Push to quash gay convictions

MAYLANDS MP Lisa Baker has called for WA’s parliament to expunge historic homosexuality convictions and offer an apology.

Laws against gays lingered until 1989 but to this day hundreds of men still have convictions on their record. The 1913 law said guilty people could be “imprisoned for hard labour for 14 years, with or without whipping”.

During her budget reply last week, Ms Baker referred to her campaign, calling the convictions “an embarrassing blemish on our moral obligations to a community that I care deeply about.

“We are now the only remaining Australian state that is yet to completely clear the records of these men,” Ms Baker said.

• Lisa Baker at the Palace Hotel. Photo by Steve Grant

• Lisa Baker at the Palace Hotel. Photo by Steve Grant

“I am talking about the unfair, and unfortunately often legal, targeting of gay men by the WA legislature, courts and police. It is pretty amazing to think that that was not that long ago, that it was a chargeable offence for two consenting adults to have sex with each other in our state.”

There were few places for gay men to meet back then. The Palace Hotel was a popular haunt in Perth in the 50s and 60s: Out in Perth reported one old timer saying: “It seemed to be an unwritten law that you went into the corner bar at the Palace.” By the 70s it was the Shaftesbury Hotel, “then all of a sudden we were down at His Maj, then the Green Room of the Perth Concert Hall”.

But these refuges were routinely raided by police, often using “entrapment” according to a 1991 Australian Institute of Criminology report.

Ms Baker says one of the frequent targets was Fremantle’s “Roo on the Roof”, Paul Rigby’s restaurant at 10 High Street.

“Police would routinely order everyone out of the Roo on the Roof in Fremantle, fill a police wagon with the most “gay” looking men and keep them in the lockup overnight for being drunk and disorderly”.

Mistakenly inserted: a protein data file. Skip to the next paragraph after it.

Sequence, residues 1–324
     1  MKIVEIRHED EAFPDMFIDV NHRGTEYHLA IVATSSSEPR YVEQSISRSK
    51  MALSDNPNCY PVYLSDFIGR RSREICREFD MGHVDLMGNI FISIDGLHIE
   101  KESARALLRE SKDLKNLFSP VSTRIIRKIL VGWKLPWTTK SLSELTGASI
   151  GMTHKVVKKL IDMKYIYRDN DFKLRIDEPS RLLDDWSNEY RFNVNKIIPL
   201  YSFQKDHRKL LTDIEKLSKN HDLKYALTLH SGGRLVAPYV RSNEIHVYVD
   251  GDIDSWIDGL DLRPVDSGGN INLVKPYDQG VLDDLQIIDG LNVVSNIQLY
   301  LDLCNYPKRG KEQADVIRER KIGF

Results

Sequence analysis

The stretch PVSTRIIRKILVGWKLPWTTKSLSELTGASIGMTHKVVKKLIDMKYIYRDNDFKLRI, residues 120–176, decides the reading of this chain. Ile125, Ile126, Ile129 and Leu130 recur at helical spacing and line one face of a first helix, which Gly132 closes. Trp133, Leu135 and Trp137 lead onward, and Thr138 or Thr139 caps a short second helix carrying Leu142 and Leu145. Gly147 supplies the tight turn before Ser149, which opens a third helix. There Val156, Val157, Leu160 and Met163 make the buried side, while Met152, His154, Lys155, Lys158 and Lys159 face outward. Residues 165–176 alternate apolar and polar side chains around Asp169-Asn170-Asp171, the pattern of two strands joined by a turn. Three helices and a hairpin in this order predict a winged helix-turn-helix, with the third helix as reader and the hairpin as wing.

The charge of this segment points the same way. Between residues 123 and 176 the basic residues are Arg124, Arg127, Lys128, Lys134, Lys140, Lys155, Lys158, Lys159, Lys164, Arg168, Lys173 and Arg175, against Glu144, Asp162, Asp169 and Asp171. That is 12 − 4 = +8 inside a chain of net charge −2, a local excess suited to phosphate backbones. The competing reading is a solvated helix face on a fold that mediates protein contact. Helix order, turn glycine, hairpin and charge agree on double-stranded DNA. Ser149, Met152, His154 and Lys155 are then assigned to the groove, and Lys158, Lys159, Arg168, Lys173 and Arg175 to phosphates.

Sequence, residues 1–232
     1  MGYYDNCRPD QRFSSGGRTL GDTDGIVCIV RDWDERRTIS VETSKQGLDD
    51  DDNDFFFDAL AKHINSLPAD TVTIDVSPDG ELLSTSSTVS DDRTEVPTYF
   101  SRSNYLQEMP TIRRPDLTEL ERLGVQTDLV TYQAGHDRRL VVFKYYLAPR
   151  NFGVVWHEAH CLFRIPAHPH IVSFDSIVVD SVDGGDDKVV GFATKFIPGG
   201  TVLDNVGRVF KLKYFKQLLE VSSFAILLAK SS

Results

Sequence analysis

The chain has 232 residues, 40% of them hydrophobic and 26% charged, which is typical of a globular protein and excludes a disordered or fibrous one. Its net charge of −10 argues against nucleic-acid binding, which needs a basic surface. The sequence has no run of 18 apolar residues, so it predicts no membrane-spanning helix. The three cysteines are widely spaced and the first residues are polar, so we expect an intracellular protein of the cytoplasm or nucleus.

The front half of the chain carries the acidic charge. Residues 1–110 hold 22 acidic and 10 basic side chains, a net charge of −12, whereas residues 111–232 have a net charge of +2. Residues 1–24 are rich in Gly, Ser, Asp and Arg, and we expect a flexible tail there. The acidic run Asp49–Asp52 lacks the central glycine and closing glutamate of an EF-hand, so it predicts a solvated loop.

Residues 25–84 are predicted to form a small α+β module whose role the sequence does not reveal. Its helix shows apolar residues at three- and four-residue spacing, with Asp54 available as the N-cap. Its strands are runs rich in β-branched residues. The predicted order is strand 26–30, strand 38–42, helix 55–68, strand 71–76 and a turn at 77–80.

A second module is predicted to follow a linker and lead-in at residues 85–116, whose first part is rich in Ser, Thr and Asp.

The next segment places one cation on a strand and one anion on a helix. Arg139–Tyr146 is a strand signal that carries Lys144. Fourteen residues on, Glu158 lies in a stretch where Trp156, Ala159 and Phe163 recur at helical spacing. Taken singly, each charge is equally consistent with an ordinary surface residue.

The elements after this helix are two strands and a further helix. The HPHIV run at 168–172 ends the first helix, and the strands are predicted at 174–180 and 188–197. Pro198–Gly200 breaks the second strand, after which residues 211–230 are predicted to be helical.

That was the lightest end of the harassment: “Police would often target high-profile men in the entertainment industry, television personalities and the like and use blackmail against them with a threat that their careers would be ruined if they were exposed for homosexuality,” Ms Baker said.

It was a massive black mark: Ms Baker says men “tarred with the same brush as paedophiles and considered the lowest of the low,” were unable to find work or travel overseas because of the convictions hanging over them.

Ms Baker says it’s not enough to simply offer spent convictions, as it won’t help people seeking security or firearms licences, or applying for jobs where you need a squeaky-clean record, such as a police officer or at the Perth Mint.

When Parliament lifted the law in the 1989 Act, it was begrudging and the debate was littered with gay insults.

Liberal MP Peter Foss moved to insert a preamble noting “parliament disapproves of sexual relations between persons of the same sex”. The Law Society described the wording as “highly discriminatory”.

MLC David Wordsworth called homosexuality “a filthy habit”.

Badge of pride

Barry House, who spoke against the decriminalisation, remains in office to this day, having said in 1989 he couldn’t decriminalise homosexual acts; “just as I could not contemplate the legalisation of incest”.

Ms Baker says it’d be best to have individuals apply rather than offer a blanket expungement. As premier Colin Barnett pointed out in Parliament, “some would prefer not to do it”.

Some old timers wear the conviction as a badge of pride, others, perhaps now in nursing homes, would prefer to just let it lie.

Ms Baker says it would not apply to convictions for having sex with under-age people.

Ms Baker is now drafting legislative amendments and told the Voice she hopes to get them in WA parliament later this year.


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